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Venezuela’s most wanted had been cornered in a stand-off with troops loyal to the government

Oscar Pérez: What really happened

On Monday January 15th, Venezuelan special forces  arrested five members of a group led by the rebel police officer who had been on the run for the last six months. The capture followed a deadly early-morning assault in a neighborhood outside the city of Caracas. Said gathering ended with at least two officers dead, five injured, and six “terrorists” diseased, the government affirmed in an official statement.

Another official document was released 24 hours later revealing that the group’s leader, Oscar Perez, had been killed.

A previous assault was made public early Monday by Perez himself, who posted various videos on social media, including one in which he appears with his face covered in blood. “They are firing at us with RPG, grenades and grenade launchers, snipers”, Perez says in one of the videos. “There are civilians in here. We told them that we’re going to turn ourselves in and they don’t want to let us surrender. They want to kill us”, he stated in another video. In another appearance, his mother asks for political pardon for his son.

The vice-president of the ruling Socialist party, Diosdado Cabello, said on Twitter that the Police Special Action Force had launched the operation to arrest Pérez, but the security forces had "responded with fire" when two officers were wounded in the stakeout.

Iris Varela, Venezuela's minister responsible for the local prison system, celebrated the news and affirmed that police had finally cornered Perez "like a rat."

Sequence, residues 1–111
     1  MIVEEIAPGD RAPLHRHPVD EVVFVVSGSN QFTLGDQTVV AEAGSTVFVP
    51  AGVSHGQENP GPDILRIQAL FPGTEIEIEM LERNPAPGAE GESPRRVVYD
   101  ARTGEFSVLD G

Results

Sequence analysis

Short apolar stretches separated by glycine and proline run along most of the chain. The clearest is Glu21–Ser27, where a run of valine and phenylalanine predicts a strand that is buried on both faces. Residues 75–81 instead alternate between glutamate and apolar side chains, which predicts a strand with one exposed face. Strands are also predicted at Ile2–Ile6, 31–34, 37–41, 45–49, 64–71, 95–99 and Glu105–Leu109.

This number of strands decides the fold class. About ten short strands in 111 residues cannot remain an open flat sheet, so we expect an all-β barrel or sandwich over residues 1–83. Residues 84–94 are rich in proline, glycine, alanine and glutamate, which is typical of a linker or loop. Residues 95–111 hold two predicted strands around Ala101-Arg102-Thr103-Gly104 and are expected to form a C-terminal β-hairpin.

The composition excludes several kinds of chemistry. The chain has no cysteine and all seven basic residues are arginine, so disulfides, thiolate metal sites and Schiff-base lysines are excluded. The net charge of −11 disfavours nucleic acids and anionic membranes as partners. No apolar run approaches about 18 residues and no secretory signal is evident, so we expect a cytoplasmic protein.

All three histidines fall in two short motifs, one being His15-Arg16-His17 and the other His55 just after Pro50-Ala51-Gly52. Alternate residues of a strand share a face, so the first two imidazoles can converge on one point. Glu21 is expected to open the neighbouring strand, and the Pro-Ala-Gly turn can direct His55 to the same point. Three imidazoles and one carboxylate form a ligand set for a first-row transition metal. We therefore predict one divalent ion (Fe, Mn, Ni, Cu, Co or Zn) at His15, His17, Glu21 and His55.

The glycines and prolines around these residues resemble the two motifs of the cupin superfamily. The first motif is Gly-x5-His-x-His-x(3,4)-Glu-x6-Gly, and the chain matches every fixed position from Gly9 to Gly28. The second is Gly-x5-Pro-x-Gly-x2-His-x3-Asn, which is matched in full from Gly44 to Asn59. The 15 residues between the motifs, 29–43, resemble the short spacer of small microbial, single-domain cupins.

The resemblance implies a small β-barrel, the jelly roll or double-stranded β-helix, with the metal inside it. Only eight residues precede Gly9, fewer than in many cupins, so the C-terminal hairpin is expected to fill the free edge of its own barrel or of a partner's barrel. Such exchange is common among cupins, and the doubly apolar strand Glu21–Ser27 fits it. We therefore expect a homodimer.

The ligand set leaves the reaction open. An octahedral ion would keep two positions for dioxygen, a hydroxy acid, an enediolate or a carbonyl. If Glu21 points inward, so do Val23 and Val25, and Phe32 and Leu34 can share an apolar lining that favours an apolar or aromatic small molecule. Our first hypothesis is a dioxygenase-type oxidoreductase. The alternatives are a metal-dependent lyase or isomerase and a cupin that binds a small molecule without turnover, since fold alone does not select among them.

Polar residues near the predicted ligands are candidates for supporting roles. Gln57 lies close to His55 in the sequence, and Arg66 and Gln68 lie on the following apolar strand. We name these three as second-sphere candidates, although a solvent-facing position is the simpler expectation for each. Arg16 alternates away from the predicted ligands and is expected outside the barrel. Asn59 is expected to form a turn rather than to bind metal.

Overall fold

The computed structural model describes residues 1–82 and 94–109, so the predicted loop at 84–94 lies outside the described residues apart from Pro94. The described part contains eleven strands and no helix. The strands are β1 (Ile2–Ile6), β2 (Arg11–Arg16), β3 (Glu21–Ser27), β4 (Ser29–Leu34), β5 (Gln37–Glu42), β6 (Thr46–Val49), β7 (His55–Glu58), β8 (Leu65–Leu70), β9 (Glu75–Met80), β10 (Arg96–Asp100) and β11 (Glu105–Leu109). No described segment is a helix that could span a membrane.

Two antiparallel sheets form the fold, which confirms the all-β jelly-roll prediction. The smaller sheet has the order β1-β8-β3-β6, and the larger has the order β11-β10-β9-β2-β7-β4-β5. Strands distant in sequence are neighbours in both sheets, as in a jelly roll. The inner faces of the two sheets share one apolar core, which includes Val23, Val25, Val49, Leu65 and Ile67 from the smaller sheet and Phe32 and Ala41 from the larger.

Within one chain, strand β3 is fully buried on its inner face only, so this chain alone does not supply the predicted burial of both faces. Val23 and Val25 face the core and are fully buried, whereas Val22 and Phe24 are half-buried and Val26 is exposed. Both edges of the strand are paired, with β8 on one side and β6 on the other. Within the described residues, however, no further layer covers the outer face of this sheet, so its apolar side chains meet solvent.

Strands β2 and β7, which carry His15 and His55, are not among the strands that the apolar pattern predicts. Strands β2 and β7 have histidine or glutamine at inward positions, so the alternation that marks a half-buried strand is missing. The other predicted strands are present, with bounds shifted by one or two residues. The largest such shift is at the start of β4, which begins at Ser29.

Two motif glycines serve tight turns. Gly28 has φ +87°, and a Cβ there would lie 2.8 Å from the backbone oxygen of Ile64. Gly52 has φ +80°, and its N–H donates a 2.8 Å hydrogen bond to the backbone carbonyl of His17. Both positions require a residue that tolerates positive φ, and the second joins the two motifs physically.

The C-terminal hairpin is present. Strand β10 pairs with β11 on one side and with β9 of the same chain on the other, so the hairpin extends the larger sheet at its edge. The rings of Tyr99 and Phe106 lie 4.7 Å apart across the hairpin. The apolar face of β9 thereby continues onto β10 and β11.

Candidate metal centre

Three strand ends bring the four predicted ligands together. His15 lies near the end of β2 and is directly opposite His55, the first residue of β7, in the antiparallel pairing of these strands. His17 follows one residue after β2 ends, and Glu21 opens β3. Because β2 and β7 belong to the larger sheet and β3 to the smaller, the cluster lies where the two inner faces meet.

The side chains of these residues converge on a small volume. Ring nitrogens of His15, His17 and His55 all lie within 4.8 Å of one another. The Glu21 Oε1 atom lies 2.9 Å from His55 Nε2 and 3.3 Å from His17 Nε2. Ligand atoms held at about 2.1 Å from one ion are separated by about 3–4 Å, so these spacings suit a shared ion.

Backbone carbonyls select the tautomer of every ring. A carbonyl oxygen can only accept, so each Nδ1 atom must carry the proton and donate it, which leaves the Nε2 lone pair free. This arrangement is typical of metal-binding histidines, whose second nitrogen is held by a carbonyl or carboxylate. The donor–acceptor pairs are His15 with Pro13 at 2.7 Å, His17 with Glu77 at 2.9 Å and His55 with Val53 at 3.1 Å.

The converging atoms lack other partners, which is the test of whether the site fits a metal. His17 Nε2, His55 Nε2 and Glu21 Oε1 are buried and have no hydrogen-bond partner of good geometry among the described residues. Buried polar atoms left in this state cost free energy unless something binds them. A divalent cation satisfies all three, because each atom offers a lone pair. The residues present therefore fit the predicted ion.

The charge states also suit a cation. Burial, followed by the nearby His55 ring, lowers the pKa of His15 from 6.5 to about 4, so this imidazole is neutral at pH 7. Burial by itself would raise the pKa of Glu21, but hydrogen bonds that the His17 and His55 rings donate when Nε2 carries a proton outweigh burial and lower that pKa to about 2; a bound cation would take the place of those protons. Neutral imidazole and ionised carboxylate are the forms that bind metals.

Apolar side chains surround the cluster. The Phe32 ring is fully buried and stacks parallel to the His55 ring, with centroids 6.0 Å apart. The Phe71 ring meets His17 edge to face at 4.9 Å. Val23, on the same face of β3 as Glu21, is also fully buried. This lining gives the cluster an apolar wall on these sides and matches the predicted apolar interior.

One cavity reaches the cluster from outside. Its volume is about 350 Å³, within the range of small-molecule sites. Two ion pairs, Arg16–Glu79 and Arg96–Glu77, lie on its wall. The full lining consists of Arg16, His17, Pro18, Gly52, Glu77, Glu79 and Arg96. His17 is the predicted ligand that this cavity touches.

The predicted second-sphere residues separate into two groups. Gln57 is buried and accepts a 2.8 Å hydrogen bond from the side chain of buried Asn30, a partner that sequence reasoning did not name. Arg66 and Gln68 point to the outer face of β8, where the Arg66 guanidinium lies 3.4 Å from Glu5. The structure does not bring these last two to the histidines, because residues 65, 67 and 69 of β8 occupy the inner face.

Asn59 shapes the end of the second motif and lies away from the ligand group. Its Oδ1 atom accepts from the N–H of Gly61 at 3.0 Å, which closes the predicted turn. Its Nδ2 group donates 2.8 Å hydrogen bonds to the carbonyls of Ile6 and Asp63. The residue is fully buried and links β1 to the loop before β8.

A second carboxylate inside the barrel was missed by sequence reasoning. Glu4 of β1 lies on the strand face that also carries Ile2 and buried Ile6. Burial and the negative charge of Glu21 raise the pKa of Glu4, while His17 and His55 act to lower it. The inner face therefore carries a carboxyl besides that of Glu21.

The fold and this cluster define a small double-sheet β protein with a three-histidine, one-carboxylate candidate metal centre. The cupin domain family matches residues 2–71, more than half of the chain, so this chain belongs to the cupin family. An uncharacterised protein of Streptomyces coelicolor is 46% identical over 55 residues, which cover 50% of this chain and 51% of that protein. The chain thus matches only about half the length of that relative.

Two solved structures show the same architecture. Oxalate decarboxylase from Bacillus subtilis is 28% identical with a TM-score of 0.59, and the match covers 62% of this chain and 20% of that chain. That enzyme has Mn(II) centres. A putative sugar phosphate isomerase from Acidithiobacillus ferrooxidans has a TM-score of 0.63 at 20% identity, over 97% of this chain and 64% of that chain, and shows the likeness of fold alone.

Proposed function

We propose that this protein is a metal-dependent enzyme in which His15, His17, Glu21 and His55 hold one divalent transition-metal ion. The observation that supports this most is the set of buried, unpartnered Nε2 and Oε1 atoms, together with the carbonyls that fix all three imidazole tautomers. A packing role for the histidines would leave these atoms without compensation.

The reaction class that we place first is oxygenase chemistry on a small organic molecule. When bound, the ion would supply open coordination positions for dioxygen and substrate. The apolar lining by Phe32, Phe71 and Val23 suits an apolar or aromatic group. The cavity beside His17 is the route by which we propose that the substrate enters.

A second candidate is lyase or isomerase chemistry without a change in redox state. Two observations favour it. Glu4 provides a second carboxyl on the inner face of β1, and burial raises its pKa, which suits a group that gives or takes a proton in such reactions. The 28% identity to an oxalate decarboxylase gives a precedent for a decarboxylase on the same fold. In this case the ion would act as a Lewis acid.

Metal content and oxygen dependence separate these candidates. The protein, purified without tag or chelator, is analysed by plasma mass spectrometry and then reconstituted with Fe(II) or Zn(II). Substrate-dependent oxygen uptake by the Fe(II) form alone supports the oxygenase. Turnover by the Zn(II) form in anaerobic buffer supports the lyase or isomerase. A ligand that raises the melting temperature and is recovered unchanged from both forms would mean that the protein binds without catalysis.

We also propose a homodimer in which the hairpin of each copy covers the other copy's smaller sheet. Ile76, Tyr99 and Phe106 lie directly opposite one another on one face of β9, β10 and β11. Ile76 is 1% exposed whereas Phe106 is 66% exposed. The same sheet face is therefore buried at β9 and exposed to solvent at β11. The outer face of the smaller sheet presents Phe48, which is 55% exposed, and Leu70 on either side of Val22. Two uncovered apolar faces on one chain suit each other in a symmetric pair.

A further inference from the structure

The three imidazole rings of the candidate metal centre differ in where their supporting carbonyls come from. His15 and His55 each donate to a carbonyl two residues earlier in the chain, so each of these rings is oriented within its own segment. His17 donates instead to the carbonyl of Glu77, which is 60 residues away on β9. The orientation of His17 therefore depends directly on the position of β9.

Oscar Pérez caught international attention last year after he allegedly seized a helicopter, flew over the center of Caracas, and opened fire on government buildings to protest the previous violent attack on demonstrators.

Pérez and his followers were labelled as "terrorists" by the government because of this action. The country was shook by violent protests last year in response to a deepening economic crisis and the suppression of democracy.

“We speak to you on behalf of the state. We are a coalition between military, police and civilian officials, in search of balance and against this transitory and criminal government,” Pérez said in a video in June 2017, taking responsibility for the attacks.

President Nicolas Maduro’s leftist government has described him as a “fanatic, extremist terrorist”; a manhunt had been under way for months. Some Maduro critics have questioned whether Pérez’s attacks were staged in cahoots with the government to justify a further crackdown on the opposition.

 

Latin American Post | Carlos Eduardo Gómez Avella
Copy edited by Susana Cicchetto

 

 

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